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Monday, October 2, 2023

Peoples’ voices, urgent solutions dismissed at COP24, says gender group

After two weeks of intense negotiations, women and gender groups represented in Katowice, Poland assert that COP24’s failure to deliver on the 1.5°C goal and refusal to put people at the centre of climate action exacerbates rather than addresses the challenges facing our planet.

Gender COP24
Civil society action at COP24. Photo credit: WWF-New Zealand / David Tong.

The key objective of COP24 was to operationalise the Paris Agreement, which is said to be premised on a vision for rights-based and gender-responsive climate action. The Women and Gender Constituency (WGC), representing people at the frontlines of climate change, says it has constantly put pressure on countries to craft an appropriately ambitious and people-centered interpretation of the Paris Agreement. The group adds that it is “disheartened at the continued and dangerous dismissal and silencing of the real, system-changing solutions to a just and sustainable world”.

“Prior to these negotiations, the IPCC Report gave the world a reality check – if we want to reach the goals laid out in the PA, we have to act fast and ambitiously with the right solutions. The opportunity to put people at the center of this vital climate action by including the principles that states already agreed upon, such as protecting human rights and gender equality, was overlooked. However, communities of concerned persons throughout the world, including those represented by the WGC, will continue to put into place real solutions, from the grassroots up, to save our planet and people,” says WGC, one of the nine stakeholder groups of the United Nations Framework Convention on Climate Change (UNFCCC).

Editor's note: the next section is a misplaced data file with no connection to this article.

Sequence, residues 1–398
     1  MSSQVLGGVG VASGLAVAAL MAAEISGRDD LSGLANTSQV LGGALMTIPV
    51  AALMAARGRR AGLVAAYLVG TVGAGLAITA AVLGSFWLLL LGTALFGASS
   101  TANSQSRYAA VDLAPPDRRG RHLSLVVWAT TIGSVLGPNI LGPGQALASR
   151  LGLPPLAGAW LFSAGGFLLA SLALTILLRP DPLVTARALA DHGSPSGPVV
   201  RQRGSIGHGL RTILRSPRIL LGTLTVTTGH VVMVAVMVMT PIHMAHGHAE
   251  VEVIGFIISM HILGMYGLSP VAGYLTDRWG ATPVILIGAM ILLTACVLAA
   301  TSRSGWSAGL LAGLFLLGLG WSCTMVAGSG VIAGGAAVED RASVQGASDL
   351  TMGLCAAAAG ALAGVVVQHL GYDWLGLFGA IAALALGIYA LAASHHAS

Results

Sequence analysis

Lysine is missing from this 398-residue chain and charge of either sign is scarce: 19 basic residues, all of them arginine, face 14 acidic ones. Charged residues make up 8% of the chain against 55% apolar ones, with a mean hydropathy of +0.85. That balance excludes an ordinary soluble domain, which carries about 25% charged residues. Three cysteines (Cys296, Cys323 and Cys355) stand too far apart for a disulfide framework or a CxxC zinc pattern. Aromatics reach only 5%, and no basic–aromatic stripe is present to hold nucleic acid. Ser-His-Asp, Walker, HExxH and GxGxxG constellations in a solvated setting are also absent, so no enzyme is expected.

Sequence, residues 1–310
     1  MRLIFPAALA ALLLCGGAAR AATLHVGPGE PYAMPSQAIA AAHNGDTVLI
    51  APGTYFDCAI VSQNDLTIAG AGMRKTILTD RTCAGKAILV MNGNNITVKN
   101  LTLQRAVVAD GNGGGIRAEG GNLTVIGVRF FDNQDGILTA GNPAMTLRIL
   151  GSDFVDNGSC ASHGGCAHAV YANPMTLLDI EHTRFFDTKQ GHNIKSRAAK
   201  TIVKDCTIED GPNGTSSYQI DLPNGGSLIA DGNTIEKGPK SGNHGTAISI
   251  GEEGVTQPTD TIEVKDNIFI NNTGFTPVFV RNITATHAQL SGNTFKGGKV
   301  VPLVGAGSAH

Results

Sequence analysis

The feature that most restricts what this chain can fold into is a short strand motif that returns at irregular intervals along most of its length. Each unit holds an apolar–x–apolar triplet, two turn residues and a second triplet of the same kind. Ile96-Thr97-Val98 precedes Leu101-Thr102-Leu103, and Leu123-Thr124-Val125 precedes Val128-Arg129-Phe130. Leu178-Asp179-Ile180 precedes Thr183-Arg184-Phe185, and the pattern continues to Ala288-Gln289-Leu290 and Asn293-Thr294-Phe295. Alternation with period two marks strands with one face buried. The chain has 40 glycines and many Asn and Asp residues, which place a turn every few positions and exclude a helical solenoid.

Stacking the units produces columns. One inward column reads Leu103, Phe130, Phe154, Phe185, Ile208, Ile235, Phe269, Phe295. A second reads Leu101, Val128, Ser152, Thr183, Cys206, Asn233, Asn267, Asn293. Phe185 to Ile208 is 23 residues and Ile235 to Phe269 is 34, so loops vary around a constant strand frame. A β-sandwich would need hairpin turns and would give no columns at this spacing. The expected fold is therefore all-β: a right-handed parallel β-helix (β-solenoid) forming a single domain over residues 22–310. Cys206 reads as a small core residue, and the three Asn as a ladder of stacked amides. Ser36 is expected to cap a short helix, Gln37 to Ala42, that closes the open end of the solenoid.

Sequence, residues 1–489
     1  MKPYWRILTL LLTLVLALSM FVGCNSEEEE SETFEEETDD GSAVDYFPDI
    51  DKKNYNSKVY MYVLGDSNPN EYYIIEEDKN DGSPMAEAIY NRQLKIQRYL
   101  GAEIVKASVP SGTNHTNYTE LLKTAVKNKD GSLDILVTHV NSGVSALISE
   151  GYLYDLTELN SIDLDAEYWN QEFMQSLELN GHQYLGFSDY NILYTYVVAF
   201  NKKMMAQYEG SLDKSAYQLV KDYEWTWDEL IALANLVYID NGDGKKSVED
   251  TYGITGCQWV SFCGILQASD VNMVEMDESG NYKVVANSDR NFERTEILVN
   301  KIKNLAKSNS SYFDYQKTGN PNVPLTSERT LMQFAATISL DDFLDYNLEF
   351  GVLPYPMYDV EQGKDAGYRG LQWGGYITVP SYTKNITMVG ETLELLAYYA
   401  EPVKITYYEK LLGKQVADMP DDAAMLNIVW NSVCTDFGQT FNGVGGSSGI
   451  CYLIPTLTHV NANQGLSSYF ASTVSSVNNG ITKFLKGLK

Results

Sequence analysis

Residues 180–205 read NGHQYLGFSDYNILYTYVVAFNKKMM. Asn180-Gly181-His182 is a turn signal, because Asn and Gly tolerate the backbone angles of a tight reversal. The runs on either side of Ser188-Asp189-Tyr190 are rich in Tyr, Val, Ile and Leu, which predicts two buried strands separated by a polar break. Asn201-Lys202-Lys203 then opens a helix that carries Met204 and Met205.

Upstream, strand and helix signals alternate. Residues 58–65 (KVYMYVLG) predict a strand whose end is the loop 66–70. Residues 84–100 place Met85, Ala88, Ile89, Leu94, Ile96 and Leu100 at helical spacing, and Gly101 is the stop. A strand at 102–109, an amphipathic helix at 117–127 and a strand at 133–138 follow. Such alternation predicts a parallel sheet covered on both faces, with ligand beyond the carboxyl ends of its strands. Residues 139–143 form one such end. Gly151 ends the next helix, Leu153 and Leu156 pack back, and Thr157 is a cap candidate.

The lack of ambition revealed an unwillingness to recognise the ongoing devastation across our landscapes: “Our world is facing brutal changes in the way we used to know it. The weather, the rivers and the forests are not the same. Right now, local, traditional and indigenous communities, intersected by gender, economic status and age, are at the frontline of climate impacts, but in a short time, everybody will feel it,” says Taily Terena, ECMIA – Continental Network of Indigenous Women, Americas, as spoken at the Talanoa Dialogue closing.

Climate science must not be questioned or treated as just another negotiation item: “The Paris Agreement set an important and ambitious goal of keeping warming under 1.5°C. The recent IPCC report on achieving this goal could not be clearer – we have 12 years to avert climate catastrophe. Instead of heeding the alarm by climate scientists to raise ambition and action at COP24, some countries shamefully attempted to weaken recognition of the report and its findings. We are long past attempts to deny the science of climate change. For the WGC, we know we need to stay below 1.5 to stay alive- and we will not stop our collective action to achieve this.,” notes Bridget Burns, Women’s Environment & Development Organisation (WEDO).